Help build a directory of Gardens 4 Health
Gardens and Health is a key theme championed by the National Garden Scheme. We recognise the benefits that time spent in a garden – either as a visitors or a gardener – can bring. We fund a number of gardens that provide therapeutic support for patients either in NHS healthcare settings – such as Horatio’s Garden and Maggie’s – or in a community like The Hope Centre in Northampton that provides therapeutic gardening and horticultural training for people with mental health and addiction problems and those who are homeless.
Referring patients to gardening projects is now a key part of Social Prescribing and one GP, Dr Richard Claxton, is aiming to compile a directory of social and therapeutic horticulture to make it easier for GPs to find the right horticultural support for patients. Richard takes up the story:
As a GP, and both a keen gardener and a trainee in Garden Design I have long been aware of the benefits that come from gardening and horticulture for both myself and my own well-being, but more importantly for that of my patients.
The Covid-19 pandemic and the UK lockdown in 2020 saw a rapid growth in the wider use of gardening to maintain mental and physical well-being for many people. Moreover, there has been a steady growth in recent years of organisations across the UK that provide social and therapeutic horticulture for service users.
People living with mental health problems, physical health problems, sensory impairments, learning disabilities, and a range of other problems including loneliness and isolation are all increasingly able to access help, support and camaraderie through these organisations. They also provide huge benefits for those that work for them – often giving their time and expertise on a voluntary basis.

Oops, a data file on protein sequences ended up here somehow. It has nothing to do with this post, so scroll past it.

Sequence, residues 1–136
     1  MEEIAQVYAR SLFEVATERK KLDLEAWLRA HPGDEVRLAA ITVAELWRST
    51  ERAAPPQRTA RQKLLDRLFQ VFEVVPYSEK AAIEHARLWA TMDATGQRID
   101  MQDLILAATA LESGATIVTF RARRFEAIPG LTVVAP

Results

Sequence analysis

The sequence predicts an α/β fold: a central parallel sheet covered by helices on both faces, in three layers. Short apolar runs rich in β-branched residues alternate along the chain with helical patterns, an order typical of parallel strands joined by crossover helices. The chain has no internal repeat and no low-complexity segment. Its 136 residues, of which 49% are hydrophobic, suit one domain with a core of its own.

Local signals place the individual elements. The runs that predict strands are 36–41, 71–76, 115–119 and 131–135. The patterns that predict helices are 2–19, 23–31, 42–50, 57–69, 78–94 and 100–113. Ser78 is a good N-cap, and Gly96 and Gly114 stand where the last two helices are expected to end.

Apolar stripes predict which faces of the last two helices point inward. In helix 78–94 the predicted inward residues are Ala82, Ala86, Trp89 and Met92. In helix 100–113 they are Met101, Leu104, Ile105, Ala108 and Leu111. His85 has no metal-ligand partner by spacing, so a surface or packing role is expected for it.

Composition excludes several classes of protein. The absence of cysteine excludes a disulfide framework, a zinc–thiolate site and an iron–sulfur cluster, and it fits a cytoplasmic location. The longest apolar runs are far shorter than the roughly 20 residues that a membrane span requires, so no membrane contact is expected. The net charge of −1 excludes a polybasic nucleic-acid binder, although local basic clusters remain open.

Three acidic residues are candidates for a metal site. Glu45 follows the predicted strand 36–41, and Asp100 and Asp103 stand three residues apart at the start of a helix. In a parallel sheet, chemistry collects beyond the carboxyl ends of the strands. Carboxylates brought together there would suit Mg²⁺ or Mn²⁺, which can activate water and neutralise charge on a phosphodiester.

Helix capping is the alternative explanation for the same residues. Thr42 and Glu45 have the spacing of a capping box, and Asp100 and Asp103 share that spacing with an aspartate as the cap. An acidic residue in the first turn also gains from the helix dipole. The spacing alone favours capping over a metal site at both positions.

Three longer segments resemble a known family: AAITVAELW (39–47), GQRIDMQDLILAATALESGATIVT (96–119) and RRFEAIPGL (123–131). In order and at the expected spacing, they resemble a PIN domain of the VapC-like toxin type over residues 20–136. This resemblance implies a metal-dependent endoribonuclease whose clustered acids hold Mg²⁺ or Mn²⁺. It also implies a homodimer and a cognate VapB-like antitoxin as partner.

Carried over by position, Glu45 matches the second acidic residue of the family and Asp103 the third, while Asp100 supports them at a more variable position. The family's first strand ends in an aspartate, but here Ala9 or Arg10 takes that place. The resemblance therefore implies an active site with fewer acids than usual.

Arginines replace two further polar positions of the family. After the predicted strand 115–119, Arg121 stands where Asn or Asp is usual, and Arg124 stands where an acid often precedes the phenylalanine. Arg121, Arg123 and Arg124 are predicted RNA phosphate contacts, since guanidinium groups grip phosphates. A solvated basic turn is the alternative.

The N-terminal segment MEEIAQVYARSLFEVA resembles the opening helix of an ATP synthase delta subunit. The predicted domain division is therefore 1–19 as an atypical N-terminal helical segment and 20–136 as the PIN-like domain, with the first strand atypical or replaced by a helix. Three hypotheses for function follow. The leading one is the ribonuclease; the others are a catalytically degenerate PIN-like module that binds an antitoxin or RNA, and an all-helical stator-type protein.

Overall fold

The problem that I encountered as a GP was that I was unaware of what was available in my area. Often I’d come across these organisations in a rather haphazard way – perhaps visiting a garden in the National Garden Scheme or as an affiliate of the Royal Horticultural Society, and only then understanding the role they could offer my patients – either to be service users, or to work as volunteers. I’d often find some amazing charity and blog about it – but was both sad that local GPs were unaware of its existence, and frustrated that the benefits were available to such a small localised population.
So, with Social Prescribing booming – and actively encouraged by the UK Government – there seemed to me to be a lack of coordination and publicising of the available services – either to prescribers like myself, other health or social care workers, or even for members of the public to self-refer to.
Scotland has a brilliant map-based, publicly visible directory on the Trellis website, but there was nothing to cover the remainder of the home nations.
The directory of social and therapeutic horticulture along with its website is my attempt to address this need. I hope that people can use it primarily to find out what services are available in any given locality within the UK. I also hope that the organisations themselves may be able to use it as a means of networking and liaising with like-minded horticulturalists.
The Directory is currently woefully short and incomplete – but growing. This obviously relies on the army of staff, volunteers and members of the public out there letting me know of services that are not included, have changed, relocated or that have ceased to exist so that I can keep it up to date for others. Thank you to all those, including the National Garden Scheme, who have provided information but to make this directory the best it can be for the people who need it most, please visit the site and use the form on the contact page to provide updated information. Thank you.
You can find out more and support the directory here:
Photos: Dr Richard Claxton